Secondly, the church for better or worse is the institution
charged with keeping alive the memory and the presence of the world's savior.
The cross of Calvary, with its many explanations, needs now as always those
who approach and promote it with reverence and wisdom. The Sermon on the
Mount, with its commands ever at odds with worldly wisdom, needs sympathetic
elucidation by those whose faith and experience witness to its eternal
truth. There's a sermonic cliché true if hackneyed that we are always just
one generation away from forgetting Jesus. The church exists to make sure
that does not happen.
But we do get diverted from this mission. Paul reminds
us that we have eternal treasures in earthen vessels. The church is
surely earthen. And I don't mostly mean made of bricks and mortar. I mean the
tendency to elevate priorities other than, among the most important things,
preparing the next generation. I have been sickened ad nauseam with
pulpits that measure their success and endlessly pronounce themselves "great" as
if institutional supremacy in numbers and finances pleased Jesus... who famously
brought a Sunday School child into the midst of the gathered disciples and told
his friends in so many words to do anything and everything to clear the little
one's way to the kingdom of heaven. He almost seems to be telling us, "Do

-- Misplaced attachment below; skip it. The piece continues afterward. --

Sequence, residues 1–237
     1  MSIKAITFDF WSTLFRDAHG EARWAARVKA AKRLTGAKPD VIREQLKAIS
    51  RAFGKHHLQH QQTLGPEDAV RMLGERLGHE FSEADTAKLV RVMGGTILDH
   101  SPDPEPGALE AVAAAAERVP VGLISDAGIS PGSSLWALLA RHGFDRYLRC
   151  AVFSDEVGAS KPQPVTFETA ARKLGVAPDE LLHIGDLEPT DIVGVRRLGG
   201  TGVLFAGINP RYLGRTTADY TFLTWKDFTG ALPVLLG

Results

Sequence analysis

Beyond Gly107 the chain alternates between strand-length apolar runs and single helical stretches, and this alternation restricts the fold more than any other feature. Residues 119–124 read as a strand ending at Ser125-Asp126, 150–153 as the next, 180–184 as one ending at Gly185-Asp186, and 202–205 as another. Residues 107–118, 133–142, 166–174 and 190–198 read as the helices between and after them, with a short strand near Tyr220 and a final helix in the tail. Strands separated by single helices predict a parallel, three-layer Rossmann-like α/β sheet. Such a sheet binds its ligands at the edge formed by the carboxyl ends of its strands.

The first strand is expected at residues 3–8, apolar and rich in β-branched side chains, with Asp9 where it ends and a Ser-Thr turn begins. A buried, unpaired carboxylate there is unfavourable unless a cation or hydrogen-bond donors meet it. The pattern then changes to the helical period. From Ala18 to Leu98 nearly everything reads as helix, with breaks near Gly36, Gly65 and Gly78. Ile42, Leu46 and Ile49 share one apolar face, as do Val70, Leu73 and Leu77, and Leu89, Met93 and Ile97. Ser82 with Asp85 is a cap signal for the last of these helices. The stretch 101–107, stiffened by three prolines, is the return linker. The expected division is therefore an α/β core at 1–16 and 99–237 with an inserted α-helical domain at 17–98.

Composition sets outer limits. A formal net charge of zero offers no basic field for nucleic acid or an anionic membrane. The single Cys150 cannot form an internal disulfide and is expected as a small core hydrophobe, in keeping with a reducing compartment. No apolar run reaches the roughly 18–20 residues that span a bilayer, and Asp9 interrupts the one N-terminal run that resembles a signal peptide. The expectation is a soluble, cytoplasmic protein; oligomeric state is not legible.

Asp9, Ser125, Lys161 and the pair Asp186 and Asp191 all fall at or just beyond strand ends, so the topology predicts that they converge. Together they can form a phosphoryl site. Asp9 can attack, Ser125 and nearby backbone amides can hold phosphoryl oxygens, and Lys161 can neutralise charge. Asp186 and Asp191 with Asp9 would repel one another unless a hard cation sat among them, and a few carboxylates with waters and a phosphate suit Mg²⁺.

right by children, or get out of the way." Dietrich Bonhoeffer, about
whom you have heard in other contexts, including the plot to assassinate Hitler,
wrote from prison where he awaited his death by hanging, that the faithful
Christian is one who conducts his life as in the best interests of those who
come after him. The church can make no better bequest than a lively and faithful
presentation of Jesus and his Way to those who follow.
There are other ancillary uses for the church which have
little direct connection to Jesus. My first full-time assignment as pastor
was to an ethnic congregation (Norwegian-American) which served to acculturate
two generations in the patterns and expectations of the New World. In my
home church I learned more about conducting and participating in meetings,
practical democracy, than in schools' social studies classes. I acted in
plays and preached my first sermon. I became adept at three point set shots on
the church's basketball court, through the gaps in the wooden rafters in that
tower room in the parish house. I learned at endless ham dinners in the
social hall how to operate a commercial dishwasher. I perfected my ping pong game in
the rec room. I made pocket money setting up pins for the Men's Club in
the church's bowling alleys, before the floods of October 1955 ruined the lanes.
And, best of all, I found a life's partner there one Sunday morning, the
prettiest Methodist I had ever seen.
The church for me, then, and throughout the next fifty years
of my work as a pastor, was my primary community. Those ancillary uses
cannot claim Biblical mandate, but they certainly made life with other
Christians a whole lot easier, more enjoyable, and with the inevitable coffee
klatches with which ecclesiastical meetings end and sometimes begin, life was
made a lot tastier.
A non-canonical verse attributed to Jesus has him adding
another Beatitude: "Blessed are you if you know what you are doing." Which
I take as advice to approach the church, if as a holy institution, then
one entirely human, susceptible to seven deadly sins while purveying the seven
heavenly virtues. That ambivalence ought never to be forgotten.